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New York Times Endorses Military Detention and Military Commissions, Sort Of



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In today’s editorial titled “The K.S.M. Files,” the New York Times laments the good ol’ days of 2009 when, in their words, “the United States was making progress toward cleaning up the mess President George W. Bush made with his detention policies. The Pentagon was working on closing the prison at Guantanamo Bay. The flawed military tribunals were improved, at least a bit. And the Justice Department announced that the accused mastermind of 9/11, Khalid Shaikh [sic] Mohammed, would be tried in federal court.”

Setting nostalgia aside, and the fact that “messy” Bush detention policies have essentially been adopted by the Obama administration, and the fact that the Pentagon had been effectively working to close Guantanamo since 2006, it should not go unnoticed that the Times also hints at endorsing some the of the very policies they vehemently denounced during the Bush presidency.

Devoted readers of only the Times could be excused for thinking that terrorists captured on the battlefield must be tried in federal court, or set free. The “try them or set them free” mantra, repeated zombie-like for eight years of the Bush administration, was the calling card for liberal papers like the Times.

Fast forward to the Obama administration and today’s editorial, which states, “People captured in battle may, of course, be held as military prisoners.” My favorite part of that sentence is the “of course,” as if the notion of military detention is something that every reasonable person can agree on. It is; it just isn’t something the Times editorial page has embraced wholeheartedly until now. What changed?

And then there is the issue of military commissions, which the Times has consistently excoriated and denounced. According to the editorial, trying KSM in federal court is the right thing to do. It hasn’t happened, in their view, because of Republican “fear-mongering,” the administration’s blundering, and Democratic “not-in-my-backyardism.” If there was ever an example of how utterly tone deaf the elitist editors at the paper are to the will of the American people, this is it.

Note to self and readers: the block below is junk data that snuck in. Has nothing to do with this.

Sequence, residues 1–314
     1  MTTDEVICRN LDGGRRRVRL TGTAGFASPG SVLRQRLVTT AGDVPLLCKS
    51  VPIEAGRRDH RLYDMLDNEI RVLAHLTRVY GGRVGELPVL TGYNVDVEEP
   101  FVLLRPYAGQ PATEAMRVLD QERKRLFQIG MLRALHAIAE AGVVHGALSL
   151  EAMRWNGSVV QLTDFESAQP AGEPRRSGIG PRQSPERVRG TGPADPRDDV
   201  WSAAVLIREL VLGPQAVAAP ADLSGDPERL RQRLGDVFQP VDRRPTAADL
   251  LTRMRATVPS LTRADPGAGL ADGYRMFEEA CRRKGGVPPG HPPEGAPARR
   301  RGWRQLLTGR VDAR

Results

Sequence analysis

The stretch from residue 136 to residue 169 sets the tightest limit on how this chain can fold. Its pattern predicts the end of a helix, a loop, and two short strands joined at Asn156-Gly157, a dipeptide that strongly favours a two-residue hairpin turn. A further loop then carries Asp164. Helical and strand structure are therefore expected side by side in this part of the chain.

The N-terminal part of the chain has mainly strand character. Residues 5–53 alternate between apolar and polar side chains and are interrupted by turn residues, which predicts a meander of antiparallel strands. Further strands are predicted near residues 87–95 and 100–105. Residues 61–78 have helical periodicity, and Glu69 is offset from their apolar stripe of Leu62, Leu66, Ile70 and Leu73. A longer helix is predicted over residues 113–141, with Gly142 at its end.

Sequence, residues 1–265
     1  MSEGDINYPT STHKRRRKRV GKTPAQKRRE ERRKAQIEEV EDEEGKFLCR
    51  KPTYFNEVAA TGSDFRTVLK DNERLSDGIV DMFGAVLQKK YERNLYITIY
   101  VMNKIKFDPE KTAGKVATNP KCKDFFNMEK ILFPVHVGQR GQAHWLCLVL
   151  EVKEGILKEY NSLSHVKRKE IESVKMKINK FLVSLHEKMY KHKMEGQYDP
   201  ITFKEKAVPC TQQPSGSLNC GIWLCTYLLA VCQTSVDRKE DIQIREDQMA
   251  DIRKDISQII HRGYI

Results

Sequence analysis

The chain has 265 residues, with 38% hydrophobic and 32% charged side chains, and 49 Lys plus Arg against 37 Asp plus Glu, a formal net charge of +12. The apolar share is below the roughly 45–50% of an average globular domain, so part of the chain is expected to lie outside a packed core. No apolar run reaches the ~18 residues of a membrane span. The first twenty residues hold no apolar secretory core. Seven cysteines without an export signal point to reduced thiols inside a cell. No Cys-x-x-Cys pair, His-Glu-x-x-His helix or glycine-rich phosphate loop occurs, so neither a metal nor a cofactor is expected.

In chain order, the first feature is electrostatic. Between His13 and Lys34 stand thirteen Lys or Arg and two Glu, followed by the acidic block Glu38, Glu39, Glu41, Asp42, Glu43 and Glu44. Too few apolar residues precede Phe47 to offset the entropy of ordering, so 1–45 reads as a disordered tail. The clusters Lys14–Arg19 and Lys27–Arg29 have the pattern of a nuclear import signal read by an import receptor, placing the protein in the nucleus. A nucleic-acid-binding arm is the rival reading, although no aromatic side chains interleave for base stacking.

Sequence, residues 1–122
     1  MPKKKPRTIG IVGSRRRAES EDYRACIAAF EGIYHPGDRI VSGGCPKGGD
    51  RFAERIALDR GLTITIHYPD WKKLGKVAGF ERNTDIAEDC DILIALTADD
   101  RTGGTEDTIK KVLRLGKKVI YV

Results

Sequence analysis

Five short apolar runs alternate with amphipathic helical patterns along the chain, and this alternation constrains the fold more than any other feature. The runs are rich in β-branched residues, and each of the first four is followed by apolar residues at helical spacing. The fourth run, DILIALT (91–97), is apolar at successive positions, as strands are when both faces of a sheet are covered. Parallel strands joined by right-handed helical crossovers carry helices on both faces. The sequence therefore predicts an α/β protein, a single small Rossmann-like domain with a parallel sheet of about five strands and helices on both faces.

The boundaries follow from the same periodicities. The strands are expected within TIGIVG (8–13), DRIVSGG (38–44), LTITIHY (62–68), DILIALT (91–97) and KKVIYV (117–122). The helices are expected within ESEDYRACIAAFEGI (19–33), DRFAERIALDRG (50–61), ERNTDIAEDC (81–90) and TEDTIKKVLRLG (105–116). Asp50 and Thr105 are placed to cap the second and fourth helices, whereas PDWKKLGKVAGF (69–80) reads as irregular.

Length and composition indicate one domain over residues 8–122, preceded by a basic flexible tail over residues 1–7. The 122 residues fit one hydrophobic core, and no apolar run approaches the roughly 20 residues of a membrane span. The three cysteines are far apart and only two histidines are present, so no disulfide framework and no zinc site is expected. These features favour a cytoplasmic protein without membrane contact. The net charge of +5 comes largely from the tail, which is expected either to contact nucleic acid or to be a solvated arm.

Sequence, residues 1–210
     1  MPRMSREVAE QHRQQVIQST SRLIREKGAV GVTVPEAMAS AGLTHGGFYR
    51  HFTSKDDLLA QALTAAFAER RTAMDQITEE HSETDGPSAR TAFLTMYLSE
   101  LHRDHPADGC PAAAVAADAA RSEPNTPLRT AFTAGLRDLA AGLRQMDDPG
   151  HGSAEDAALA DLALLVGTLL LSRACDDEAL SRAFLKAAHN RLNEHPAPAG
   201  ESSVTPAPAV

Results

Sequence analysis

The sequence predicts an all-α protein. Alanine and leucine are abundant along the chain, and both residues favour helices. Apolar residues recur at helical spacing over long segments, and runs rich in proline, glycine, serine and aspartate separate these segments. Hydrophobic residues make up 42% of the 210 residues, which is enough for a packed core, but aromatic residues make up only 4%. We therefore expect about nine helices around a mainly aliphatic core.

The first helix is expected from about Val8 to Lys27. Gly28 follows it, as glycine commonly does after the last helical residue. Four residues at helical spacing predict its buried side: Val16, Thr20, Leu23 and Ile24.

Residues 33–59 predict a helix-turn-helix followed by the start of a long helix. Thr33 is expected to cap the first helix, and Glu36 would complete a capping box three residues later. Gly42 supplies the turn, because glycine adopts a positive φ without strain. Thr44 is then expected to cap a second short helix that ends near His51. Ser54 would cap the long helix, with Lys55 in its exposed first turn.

After laying the blame regarding the KSM federal-trial fiasco on Republicans (first), the administration, and Democrats, the Times then seems to suggest that a military commissions case against KSM is a viable option, stating, “Trying Mr. Mohammed in a military court is at least explainable by the attack on the Pentagon.”

The use of the word “explainable” is, to say the least, perplexing. The Times has been against military commissions from Day One, even after the rules were upgraded in the latter half of the Bush administration and further modified in the Obama administration. This, despite the fact that the rules are fairer to terrorist defendants than the rules in the Hague’s international tribunals.

So what gives? Is it possible that editors at the Times ineluctably are coming to appreciate the actual nature of the conflict we’ve been in for eight years, and the fact that never in the history of our country have we given captured battlefield belligerents a federal trial, replete with American constitutional rights? Or, that someone on the editorial board actually read the actual rules of the military commissions and came to the stark understanding that they are practical, constitutional, and comply with the Supreme Court’s ruling in Hamdan?

Or, is it the fact that they want to provide aid and comfort to the very administration they endorsed?

Charles “Cully” Stimson is a senior legal fellow at the Heritage Foundation’s Center for Legal and Judicial Studies.



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